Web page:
Campaigners say COP15 summit in Canadian city could fail to meet urgency of the issue, with about 1 million plant, insect and other animal species now threatened with extinction.
Hundreds of people have braved sub-zero temperatures to march in the streets of Montreal, the host city of this year's UN biodiversity summit, demanding a strong new deal to protect nature worldwide.
Wearing costumes to look like birds, trees and caribou, activists said on Saturday the COP15 summit could fail to meet the urgency of the issue, with about 1 million plant, insect and other animal species now threatened with extinction.
"We are inside the negotiations, we see what is happening and it is clearly not sufficient compared to our ambitions and our priorities," said the Global Youth Biodiversity Network's Esmeralda Wirtz, who traveled from Belgium to attend the summit.
"That's why it is important to be on the streets today."
Delegates from 193 countries at the summit are considering 24 targets, including pollution cuts and protecting 30 percent of the world's land and sea by 2030.
"Governments have had years to reach the agreement we need to save our planet's biodiversity from extinction," said Oscar Soria, Campaign Director at Avaaz, a global civic movement which helped to organize Saturday's march.
With the draft agreement still being negotiated, Soria worried there wouldn't be enough time for an ambitious deal before the summit closes on Dec. 19.
"They've turned COP15 into a stand-off," Soria said.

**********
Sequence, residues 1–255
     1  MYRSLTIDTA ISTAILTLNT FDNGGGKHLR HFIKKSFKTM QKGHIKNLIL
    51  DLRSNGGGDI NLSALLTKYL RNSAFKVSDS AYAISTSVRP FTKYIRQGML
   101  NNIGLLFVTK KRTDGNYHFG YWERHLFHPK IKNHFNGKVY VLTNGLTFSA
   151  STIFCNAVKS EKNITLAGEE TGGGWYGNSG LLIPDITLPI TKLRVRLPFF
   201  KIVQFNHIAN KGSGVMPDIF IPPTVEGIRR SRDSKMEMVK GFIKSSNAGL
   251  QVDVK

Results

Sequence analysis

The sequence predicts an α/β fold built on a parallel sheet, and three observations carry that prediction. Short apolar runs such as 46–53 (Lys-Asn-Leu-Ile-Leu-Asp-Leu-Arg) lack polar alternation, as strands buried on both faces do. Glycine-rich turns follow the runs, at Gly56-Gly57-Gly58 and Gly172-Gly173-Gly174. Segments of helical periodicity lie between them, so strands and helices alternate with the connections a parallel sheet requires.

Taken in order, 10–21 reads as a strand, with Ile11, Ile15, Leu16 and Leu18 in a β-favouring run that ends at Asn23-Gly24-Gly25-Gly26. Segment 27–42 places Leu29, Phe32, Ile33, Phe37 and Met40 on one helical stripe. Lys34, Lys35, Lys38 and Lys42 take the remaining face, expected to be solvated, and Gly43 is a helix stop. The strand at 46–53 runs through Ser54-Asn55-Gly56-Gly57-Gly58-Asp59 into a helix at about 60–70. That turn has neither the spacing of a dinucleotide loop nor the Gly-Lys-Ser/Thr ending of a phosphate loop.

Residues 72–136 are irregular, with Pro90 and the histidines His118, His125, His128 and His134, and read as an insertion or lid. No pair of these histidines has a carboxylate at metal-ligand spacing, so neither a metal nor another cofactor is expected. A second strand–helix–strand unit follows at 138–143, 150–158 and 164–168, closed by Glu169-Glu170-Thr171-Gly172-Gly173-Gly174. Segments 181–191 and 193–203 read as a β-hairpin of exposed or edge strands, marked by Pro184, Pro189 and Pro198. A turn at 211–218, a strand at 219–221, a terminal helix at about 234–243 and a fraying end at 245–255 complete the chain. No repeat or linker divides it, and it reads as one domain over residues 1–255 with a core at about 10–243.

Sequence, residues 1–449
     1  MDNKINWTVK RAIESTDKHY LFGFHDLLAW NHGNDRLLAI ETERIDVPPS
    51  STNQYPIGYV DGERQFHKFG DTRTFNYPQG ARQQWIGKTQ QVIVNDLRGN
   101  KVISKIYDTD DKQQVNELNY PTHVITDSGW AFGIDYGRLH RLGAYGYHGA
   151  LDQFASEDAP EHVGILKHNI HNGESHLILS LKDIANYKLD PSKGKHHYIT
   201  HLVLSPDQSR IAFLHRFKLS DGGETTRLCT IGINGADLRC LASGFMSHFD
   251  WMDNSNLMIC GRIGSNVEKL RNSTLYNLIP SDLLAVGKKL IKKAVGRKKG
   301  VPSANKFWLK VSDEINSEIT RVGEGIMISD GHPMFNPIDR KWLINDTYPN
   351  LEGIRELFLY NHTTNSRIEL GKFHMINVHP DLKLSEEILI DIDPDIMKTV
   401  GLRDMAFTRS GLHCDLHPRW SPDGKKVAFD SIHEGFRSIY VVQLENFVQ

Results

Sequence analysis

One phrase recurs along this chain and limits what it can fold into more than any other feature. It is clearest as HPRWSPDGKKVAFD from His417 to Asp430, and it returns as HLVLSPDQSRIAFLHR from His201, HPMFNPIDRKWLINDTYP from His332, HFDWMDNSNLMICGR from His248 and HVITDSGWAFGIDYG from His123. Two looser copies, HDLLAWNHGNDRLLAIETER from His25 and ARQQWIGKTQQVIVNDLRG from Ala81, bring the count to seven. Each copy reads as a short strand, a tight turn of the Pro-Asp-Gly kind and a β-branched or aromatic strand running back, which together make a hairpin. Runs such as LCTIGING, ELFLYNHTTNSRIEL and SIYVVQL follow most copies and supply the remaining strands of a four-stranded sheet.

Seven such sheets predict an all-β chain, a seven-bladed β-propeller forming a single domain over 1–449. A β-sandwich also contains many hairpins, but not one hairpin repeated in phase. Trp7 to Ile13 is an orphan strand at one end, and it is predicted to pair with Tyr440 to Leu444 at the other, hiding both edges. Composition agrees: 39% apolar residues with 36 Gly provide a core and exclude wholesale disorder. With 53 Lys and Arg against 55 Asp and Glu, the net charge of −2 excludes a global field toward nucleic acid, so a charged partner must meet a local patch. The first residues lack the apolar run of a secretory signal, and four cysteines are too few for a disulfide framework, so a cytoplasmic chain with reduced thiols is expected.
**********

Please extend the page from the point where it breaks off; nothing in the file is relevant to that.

Police on horseback, bicycle and foot patrolled the perimetre of the peaceful march, from where it began in Montreal's Mont Royal Park to the city's downtown, where COP15 is being held from December 7-19.
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Indigenous groups leading the march for nature through Montreal today. Big turnout despite -5C temps. #COP15 🦭🦍🐘🐺 pic.twitter.com/072IUPCXwO— Daisy Dunne (@daisydunnesci) December 10, 2022
The march through Montreal also saw strong calls to protect human rights, particularly those of Indigenous groups who for years have worked to prevent nature loss on their lands.
Arkilaus Kladit, a member of the Knasaimos-Tehit tribe, traveled to Montreal from West Papua, Indonesia.
Dressed in a thick black parka against a midday temperature of -7 degrees Celsius, Kladit told the Reuters news agency via translator that illegal logging and development activities were threatening the forests back home.
Countries' ministers join the negotiations next week in Montreal with the hope of adopting a deal to guide conservation through 2030 and beyond.
READ MORE: Indigenous people seek stronger land rights at Montreal nature summit